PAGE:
British Airways is gearing up to face a record £183m fine by authorities after a data breach caused it to lose more than 400,000 customers’ information.
The airline’s owner, International Consolidated Airlines Group (IAG), announced this morning it would make “any necessary appeals” in response to the penalty.
The figure is equivalent to 1.5 per cent of the firm’s turnover in 2017. It dwarfs the previous highest fine of £500,000 handed to Facebook for breaches of data protection law last year.
IAG shares fell 1.3 per cent this morning.
The Information Commissioner’s Office (ICO) has proposed the fine, the biggest it has ever handed out, in line with the UK Data Protection Act.
Last year, BA said hackers had carried out a “sophisticated, malicious criminal attack” and stolen the data of 429,000 customers. Information at risk from the breach included customers’ card numbers, expiry dates and CVV codes. It has since said it has seen no sign of fraud on accounts linked to the theft.
Firms ‘must look after’ personal data
Information Commissioner Elizabeth Denham said: “People’s personal data is just that – personal. When an organisation fails to protect it from loss, damage or theft it is more than an inconvenience.
“That’s why the law is clear – when you are entrusted with personal data you must look after it. Those that don’t will face scrutiny from my office to check they have taken appropriate steps to protect fundamental privacy rights.”
Alex Cruz, British Airways chairman and chief executive, said: “We are surprised and disappointed in this initial finding from the ICO.
“British Airways responded quickly to a criminal act to steal customers’ data. We have found no evidence of fraud/fraudulent activity on accounts linked to the theft.
“We apologise to our customers for any inconvenience this event caused.”
Willie Walsh, International Airlines Group chief executive said: “British Airways will be making representations to the ICO in relation to the proposed fine. We intend to take all appropriate steps to defend the airline’s position vigorously, including making any necessary appeals.”
Fine ‘usually dictated by size of data breach’
Martin Tyley, UK Head of Cyber & Privacy at KPMG said: “We’ve been waiting a while for the Information Commissioner’s Office to issue its first post-GDPR fine.
“In our view this sends a clear signal that the ICO isn’t afraid of using the full breadth of their enforcement powers and this is just the first of many similar actions we’ll see over the coming years.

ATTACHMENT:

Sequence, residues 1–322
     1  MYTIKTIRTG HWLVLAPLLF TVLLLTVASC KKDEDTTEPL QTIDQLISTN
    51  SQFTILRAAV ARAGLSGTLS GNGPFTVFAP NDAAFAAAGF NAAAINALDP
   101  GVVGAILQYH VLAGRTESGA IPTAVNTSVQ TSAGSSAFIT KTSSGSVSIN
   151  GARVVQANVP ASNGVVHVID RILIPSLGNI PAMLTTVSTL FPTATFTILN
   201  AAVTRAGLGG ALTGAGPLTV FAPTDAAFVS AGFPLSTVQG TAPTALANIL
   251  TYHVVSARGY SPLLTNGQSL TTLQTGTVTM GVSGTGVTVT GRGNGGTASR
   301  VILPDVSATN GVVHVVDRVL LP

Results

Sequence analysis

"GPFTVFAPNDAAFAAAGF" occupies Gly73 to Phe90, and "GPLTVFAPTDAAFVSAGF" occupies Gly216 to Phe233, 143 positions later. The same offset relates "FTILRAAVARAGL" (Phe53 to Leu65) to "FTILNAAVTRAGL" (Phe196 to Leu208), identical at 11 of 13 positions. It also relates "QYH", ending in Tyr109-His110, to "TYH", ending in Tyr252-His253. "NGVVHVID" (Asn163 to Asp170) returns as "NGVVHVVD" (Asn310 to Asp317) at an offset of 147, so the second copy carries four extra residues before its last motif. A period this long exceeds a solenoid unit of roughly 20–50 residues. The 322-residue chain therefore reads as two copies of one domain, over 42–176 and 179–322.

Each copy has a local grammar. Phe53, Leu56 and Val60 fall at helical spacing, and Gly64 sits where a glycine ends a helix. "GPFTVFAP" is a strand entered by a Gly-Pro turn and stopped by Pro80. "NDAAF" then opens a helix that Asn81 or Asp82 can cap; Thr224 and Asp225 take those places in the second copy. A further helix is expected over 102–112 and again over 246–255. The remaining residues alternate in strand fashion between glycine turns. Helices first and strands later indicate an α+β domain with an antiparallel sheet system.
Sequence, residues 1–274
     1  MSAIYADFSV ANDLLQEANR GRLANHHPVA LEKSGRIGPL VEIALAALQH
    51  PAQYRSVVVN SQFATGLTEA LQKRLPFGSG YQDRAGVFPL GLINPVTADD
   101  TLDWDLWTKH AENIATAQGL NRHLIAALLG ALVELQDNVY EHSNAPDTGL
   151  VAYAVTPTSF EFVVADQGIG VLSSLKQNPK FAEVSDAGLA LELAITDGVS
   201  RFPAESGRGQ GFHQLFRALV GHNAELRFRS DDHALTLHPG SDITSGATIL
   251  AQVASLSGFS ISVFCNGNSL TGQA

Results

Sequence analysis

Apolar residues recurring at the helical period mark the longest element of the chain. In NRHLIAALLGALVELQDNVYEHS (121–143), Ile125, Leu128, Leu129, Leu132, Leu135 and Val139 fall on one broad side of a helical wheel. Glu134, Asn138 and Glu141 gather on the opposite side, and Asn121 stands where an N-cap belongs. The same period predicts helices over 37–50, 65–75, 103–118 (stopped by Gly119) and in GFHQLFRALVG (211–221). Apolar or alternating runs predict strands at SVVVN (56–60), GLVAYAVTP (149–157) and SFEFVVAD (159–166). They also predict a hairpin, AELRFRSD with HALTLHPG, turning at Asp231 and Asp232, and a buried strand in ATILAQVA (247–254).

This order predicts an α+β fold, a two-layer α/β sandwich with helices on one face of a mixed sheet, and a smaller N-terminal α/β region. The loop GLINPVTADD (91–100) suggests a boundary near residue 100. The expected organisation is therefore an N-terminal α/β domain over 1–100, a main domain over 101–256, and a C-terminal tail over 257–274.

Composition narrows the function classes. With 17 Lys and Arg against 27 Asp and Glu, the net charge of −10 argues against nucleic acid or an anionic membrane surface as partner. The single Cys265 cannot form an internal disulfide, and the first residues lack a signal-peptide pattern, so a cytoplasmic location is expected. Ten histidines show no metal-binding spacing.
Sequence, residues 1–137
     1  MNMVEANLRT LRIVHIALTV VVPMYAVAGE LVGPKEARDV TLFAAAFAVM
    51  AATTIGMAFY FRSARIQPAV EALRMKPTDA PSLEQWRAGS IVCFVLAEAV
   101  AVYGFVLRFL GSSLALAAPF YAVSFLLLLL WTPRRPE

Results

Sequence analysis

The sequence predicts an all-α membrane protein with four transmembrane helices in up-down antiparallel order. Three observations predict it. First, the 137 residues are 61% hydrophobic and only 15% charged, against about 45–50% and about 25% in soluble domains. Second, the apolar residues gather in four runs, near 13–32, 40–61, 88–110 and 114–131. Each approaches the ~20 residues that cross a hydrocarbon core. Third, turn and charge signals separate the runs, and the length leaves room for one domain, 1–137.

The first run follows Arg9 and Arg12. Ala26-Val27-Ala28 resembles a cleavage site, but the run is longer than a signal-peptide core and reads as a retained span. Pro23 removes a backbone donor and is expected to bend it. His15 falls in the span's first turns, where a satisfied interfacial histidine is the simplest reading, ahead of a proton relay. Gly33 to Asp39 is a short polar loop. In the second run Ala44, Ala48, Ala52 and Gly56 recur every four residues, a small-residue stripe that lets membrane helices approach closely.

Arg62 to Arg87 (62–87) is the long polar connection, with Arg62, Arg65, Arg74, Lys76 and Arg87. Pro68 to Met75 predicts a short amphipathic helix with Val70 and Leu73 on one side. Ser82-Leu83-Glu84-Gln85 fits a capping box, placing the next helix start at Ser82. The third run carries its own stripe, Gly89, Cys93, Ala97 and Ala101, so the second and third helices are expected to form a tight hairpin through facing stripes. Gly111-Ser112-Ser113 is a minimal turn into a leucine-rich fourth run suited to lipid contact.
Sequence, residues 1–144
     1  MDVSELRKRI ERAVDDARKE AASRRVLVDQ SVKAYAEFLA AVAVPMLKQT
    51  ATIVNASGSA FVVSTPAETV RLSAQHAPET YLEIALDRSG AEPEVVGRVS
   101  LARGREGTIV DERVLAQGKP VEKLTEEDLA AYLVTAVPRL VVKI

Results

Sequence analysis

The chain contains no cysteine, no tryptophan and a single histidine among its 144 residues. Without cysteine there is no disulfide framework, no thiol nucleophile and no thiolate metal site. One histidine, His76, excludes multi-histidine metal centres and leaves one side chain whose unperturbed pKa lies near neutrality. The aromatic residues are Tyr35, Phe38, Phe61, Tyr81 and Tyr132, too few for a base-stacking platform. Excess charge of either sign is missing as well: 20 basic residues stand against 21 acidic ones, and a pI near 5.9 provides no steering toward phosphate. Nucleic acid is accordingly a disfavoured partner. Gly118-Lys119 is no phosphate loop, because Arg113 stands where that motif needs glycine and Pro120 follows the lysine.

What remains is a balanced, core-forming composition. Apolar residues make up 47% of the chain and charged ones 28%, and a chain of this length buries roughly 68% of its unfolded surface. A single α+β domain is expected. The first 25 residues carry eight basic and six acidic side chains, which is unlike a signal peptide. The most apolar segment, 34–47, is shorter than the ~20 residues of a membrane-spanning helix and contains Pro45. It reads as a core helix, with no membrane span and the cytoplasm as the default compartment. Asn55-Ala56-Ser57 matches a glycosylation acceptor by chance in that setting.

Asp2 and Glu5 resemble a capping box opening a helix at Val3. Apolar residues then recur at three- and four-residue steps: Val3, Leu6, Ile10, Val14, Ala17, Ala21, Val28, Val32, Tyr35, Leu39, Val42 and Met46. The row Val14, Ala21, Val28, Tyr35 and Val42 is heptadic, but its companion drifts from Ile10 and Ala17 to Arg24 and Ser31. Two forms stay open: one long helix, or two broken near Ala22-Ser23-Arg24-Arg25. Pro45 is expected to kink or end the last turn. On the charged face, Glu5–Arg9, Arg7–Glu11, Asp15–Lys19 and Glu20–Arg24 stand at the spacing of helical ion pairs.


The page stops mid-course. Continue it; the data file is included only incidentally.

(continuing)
“Privacy and GDPR is a complex field and businesses need to ensure that they understand where they might be exposed to risk to avoid potentially compromising consumer data as well as huge financial consequences for non-compliance. For thousands of organisations, this morning’s news is a serious wake up call.”
Tony Pepper, chief executive of software company Egress, said: “This fine not only puts pay to any thoughts that the ICO lacked teeth in its pursuit of organisations putting customer data at risk, but also serves as a reminder to any company suffering from a complacent attitude to compliance that the handling, processing and storing of customer data should be its number one priority.
“This could very well be the first of many large fines issued by the ICO and will most definitely serve as a wake up call to organisations that offer goods or services to, or monitor the behaviour of, EU data subjects.”
BA applies for litigation order
BA’s woe was compounded when law firm SPG confirmed the embattled airline had applied to the High Court for a group litigation order (GLO).
The firm has faced legal claims from thousands of customers whose data was stolen as part of the hack, many of whom SPG represents. Instead of replying to a letter from SPG inviting the airline to determine settlement or discuss the terms of a GLO, BA made an application direct to the High Court several weeks ago.
GLOs are usually applied for by claimants and it is “highly unusual” for a defendant to do so, said SPG.
SPG Law Partner Harris Pogust said the firm “cannot evade its responsibility to recompense its victims in full”.
Main image credit: Getty